How do you like that trip above?  Imperfect design!

Olfaction Pseudogenes

We have the genes to smell a ridiculous amount of different molecules, but they've mutated since we don't have strong selective pressure to keep them.  Meaning if you don't smell all that well you probably won't die.

Our body hair faces in directions that would have aided in dripping water off of our quadruped ancestors.  I.e., they tend to face down when on all fours, belly down.


Around the 6th month of develpment humans become covered in a fine layer of hair called lanugo.   This hair is typically shed about a month  prior to birth.  What's it there for?  To show our ancestry!  

Baby Grasping Reflex

Babies have mega grips.  Can even hold their own weight--by one hand!  Why?  To grip momma's monkey hair!

The Clitoris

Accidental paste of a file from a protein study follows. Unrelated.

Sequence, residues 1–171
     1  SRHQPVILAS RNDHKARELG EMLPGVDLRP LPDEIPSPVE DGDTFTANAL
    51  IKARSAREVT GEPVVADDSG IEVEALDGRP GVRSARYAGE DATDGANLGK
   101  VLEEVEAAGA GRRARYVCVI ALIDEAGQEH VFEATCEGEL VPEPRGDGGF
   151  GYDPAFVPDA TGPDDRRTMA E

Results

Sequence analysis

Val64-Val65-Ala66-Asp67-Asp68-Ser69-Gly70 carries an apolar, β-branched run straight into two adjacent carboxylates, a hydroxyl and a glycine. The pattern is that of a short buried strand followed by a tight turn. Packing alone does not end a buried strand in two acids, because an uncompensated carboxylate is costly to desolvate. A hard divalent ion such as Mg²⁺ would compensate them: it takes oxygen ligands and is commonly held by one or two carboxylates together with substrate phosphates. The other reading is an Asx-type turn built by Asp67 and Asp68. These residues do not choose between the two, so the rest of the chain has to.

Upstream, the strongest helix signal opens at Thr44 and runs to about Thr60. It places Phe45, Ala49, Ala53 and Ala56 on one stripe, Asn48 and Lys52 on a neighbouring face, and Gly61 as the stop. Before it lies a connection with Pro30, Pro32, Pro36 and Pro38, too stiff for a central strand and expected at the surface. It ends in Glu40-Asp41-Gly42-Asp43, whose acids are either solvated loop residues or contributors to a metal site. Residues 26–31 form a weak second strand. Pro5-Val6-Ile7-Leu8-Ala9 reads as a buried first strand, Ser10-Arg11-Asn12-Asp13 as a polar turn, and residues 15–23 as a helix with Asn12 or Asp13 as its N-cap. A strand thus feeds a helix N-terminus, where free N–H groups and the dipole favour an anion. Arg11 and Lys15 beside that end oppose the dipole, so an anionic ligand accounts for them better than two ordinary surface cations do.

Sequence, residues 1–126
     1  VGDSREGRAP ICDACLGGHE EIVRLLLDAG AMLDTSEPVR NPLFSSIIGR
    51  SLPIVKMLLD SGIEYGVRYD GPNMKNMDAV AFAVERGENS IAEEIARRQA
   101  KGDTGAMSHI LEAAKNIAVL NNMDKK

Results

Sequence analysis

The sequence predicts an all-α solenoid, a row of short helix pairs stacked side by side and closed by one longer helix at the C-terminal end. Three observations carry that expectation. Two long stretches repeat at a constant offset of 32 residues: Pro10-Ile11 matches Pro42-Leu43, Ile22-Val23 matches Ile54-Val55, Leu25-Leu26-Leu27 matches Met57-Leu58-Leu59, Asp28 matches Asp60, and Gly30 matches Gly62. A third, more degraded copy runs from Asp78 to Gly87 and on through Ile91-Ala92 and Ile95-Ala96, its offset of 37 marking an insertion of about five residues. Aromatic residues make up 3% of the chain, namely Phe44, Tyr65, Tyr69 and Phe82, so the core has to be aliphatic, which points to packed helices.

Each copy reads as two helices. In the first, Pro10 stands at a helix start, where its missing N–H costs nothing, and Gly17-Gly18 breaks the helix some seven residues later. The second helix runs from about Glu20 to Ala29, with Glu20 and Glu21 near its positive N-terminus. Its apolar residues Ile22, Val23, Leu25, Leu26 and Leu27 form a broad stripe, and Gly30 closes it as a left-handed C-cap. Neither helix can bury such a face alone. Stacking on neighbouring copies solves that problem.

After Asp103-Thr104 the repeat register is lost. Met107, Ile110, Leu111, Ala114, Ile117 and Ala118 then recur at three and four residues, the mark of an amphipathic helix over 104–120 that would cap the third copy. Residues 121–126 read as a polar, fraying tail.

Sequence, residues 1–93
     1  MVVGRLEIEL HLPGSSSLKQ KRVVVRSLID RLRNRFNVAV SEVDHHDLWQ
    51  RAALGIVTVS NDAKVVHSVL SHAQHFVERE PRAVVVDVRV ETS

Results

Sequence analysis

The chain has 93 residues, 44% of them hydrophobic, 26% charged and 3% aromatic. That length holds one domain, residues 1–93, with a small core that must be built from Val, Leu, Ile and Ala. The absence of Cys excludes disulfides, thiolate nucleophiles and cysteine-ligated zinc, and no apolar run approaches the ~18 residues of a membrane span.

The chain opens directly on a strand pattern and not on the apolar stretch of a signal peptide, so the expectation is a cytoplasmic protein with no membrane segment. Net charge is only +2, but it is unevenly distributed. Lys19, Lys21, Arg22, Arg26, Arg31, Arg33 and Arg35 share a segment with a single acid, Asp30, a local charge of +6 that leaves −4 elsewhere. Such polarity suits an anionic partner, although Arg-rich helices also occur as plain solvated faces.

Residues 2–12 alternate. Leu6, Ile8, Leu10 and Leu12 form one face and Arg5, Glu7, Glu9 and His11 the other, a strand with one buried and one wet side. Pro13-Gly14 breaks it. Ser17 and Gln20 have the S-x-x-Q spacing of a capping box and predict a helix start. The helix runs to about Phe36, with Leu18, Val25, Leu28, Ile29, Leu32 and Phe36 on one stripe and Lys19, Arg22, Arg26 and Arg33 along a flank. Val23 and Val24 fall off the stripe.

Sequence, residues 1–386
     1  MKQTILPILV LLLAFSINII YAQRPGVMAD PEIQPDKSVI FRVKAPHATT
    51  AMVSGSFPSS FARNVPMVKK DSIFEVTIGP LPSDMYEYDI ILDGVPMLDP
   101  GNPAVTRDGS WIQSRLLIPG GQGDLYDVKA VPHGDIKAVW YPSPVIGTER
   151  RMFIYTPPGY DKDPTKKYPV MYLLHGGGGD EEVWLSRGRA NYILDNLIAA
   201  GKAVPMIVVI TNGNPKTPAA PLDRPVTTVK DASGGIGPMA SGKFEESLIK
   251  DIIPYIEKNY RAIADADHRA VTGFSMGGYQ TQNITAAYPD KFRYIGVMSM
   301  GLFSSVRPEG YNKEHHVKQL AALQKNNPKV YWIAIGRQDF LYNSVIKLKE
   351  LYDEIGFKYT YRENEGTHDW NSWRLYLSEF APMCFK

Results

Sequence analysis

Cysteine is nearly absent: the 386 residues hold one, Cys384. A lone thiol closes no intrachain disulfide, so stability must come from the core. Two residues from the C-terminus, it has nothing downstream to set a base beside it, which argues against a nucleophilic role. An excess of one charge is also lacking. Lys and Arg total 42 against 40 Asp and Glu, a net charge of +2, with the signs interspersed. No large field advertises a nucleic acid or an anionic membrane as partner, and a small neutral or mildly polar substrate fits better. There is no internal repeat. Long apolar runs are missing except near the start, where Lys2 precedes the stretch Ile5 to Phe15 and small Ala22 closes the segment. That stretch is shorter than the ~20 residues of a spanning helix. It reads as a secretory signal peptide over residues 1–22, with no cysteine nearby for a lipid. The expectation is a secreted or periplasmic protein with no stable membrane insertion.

Why do women have a clitoris?  Because evolution just uses one template for men and women.  No offense, ladies, but basically it's just an underdeveloped penis.  Something similar can be said of the female orgasm.  Hence why so many women are incapable of achieving one--it's a side effect more than it is an adaptation (arguably).

The same thing's true for the g-spot or Grafenburg spot.  It's alternative name is the female prostate, because that's exactly what it is.  It's male anatomical template leftovers (fortunate leftovers, no doubt).

Retard molars.  Well, they used to be good for something.  Now they just help dentists pay for their children's college.

Vitamin C Synthesis

In humans, vitamin C deficiency causes scurvy, and can eventually cause death. We can’t synthesize vitamin C (ascorbic acid), but our relatives, save for the guinea pig and primates, were able to do so. Therefore, it makes sense that we have a vestigial molecular structure, now defunct, that manufactures the vitamin. The gene required for vitamin C synthesis was found in humans in 1994, but it was a pseudogene, meaning it was present but unable to function. The pseudogene was also found in some primates and guinea pigs, as expected. <>